The Tailings & Mine Affected Water cluster is a highly social value focused group. The cluster has a broad range of industry stakeholders, all of whom have the goal to develop, promote and advance commercial solutions for tailings and mine waters.
As a cluster, the Tailings TeQ group demonstrates unified capability, provides clarity on problems, opportunities and capability for resources clients and tackles the key problems of tailings and mine water. Through addressing and solving legacy issues (locally, domestically and internationally), strengthening existing partnerships and raising awareness within industry reference groups and government, the Tailings TeQ cluster will help you create business opportunities and solutions. Successful clusters have impact far beyond the participants. Our industry, research institutes, education facilities and broader community all benefit from strong clusters.
The clusters’ vision is to be the “go to” group for Tailings and Mine Affected Water Problems. To do so, we will develop and promote collaborative capabilities in tailings technologies and mine affected water challenges through:
- Establishing a group charter
- Mapping of our capability
- Map near term opportunities
- Starting small & work bigger
- Build trust
- Work on reciprocity
- Repeated successful transactions
- Set expectations – Willingness to partner
- Identify individuals who need help within industry
- Share success stories
- Tailings dam design and construction
- Water-efficient technologies
- Mineral processing innovation
- Progressive tailings rehabilitation
- Water recovery and treatment
- Secondary mineral recovery
- Landform rehabilitation
- Restoration of land use
- Mined land repurposing
- Monitoring and sensing
- Tenure, legal and social performance
Water reclamation and reuse
Mine Water Solutions
A large number of mines in the world are located in sensitive environments with shared water resources. Sensitivity can be based on cultural or economic aspects of the surrounding environment. Some examples are; water assets such as the Australian Great Artesian Basin and the Atacama Desert in Chile and Peru that are accessed by multiple users including agriculture and traditional land owners.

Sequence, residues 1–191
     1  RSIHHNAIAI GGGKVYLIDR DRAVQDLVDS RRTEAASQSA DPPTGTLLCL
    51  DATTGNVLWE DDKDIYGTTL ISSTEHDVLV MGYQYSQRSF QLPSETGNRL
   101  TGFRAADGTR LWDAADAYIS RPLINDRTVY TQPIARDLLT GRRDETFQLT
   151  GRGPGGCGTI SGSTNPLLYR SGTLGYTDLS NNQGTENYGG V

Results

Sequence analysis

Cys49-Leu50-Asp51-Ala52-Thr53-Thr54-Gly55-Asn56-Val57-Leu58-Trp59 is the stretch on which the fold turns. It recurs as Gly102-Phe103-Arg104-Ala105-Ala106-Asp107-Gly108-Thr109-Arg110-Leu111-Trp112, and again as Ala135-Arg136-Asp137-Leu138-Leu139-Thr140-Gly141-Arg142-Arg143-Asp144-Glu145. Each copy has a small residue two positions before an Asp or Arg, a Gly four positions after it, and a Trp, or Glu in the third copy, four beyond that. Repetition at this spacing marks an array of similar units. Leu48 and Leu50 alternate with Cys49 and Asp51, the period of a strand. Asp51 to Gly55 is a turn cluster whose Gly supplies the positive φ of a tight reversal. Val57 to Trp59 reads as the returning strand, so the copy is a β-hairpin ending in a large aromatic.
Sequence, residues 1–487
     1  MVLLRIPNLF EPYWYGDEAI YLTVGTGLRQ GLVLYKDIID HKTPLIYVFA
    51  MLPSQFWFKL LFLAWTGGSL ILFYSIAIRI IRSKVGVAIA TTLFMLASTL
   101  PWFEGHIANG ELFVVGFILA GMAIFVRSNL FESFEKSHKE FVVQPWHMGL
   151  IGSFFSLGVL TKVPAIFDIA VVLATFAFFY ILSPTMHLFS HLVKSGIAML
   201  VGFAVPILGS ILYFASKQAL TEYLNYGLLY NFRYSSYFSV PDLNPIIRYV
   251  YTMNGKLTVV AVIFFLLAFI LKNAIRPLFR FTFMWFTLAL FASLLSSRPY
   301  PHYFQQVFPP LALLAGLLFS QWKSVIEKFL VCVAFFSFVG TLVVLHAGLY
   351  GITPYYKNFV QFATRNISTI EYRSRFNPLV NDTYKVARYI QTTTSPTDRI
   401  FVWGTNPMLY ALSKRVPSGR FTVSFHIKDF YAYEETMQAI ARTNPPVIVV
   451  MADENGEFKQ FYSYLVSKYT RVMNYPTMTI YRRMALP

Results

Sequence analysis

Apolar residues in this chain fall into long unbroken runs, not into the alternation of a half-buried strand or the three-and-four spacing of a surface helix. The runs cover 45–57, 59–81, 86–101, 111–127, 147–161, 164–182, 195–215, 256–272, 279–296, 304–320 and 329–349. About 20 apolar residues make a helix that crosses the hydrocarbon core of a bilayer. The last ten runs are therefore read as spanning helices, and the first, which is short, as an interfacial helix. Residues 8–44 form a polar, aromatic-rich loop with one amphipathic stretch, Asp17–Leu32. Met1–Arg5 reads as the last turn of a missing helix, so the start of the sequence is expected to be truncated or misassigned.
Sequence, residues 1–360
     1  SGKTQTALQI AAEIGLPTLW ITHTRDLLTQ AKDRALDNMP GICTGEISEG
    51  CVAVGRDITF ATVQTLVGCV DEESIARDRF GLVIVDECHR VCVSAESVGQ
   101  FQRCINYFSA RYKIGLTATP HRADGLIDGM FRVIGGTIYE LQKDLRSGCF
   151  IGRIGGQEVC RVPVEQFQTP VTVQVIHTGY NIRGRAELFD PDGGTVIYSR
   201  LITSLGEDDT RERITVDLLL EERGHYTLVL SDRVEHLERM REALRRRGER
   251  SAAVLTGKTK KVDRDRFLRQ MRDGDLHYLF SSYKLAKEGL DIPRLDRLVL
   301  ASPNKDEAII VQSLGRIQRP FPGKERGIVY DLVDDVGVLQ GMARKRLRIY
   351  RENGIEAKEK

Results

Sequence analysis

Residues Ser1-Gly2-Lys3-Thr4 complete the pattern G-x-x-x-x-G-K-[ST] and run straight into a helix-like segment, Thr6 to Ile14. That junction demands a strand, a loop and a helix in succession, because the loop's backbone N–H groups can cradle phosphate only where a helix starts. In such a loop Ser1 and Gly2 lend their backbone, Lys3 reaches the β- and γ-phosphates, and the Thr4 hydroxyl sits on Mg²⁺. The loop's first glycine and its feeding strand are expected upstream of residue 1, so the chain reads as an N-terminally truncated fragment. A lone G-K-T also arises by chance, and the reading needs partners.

Mines must incorporate water treatment solutions that are efficient, contribute to urban, agricultural or natural supplies, allow for ecological restoration and include monitoring. They must also consider fluctuations in their water supply and contaminants. With a range of specialists, the Tailings TeQ group offers solutions at every step of the process: in the evaluation, design, construction, and operation of mine water treatment. We have leaders in the application of emerging technologies that are needed for challenging treatment requirements.
As resources clients increasingly approach water holistically, our group has responded by taking a collaborative approach to the management and treatment of mine water including mine drainage and process water. As a technology-neutral group, we have no vested interest towards any particular water treatment technology. This allows us to create site-specific treatment processes that are the best solutions for the application.
Process water treatment engineering
- Conventional lime neutralization
- High-density sludge
- Iron co-precipitation of metals and metalloids
- Sulphide precipitation of heavy metals
Advanced treatment design
- Membrane Separation
- Advanced Oxidative Processes
- Biological Nutrient Removal
- Ion Exchange
- Passive mine water treatment
- Submerged combustion evapoconcentration
- Cyanide, thiocyanate, and ammonia treatment
- Active/passive hybrid treatment systems for beneficial reuse
- Treatability testing and process optimisation
- Tailings dam remediation and treatment provisions
- Membrane based water treatment, including; Reverse Osmosis, Nanofiltration & Ultrafiltration
- Natural and engineered wetland treatment
- Residuals management
In areas where water supply sustainability is a concern, water reclamation and reuse enables operators to be able to link the use of locally available water resources, by utilising reclaimed water, non-potable water these needs can be met. In doing so, it will improve the sustainability of aquatic ecosystems by decreasing the diversion of available freshwater.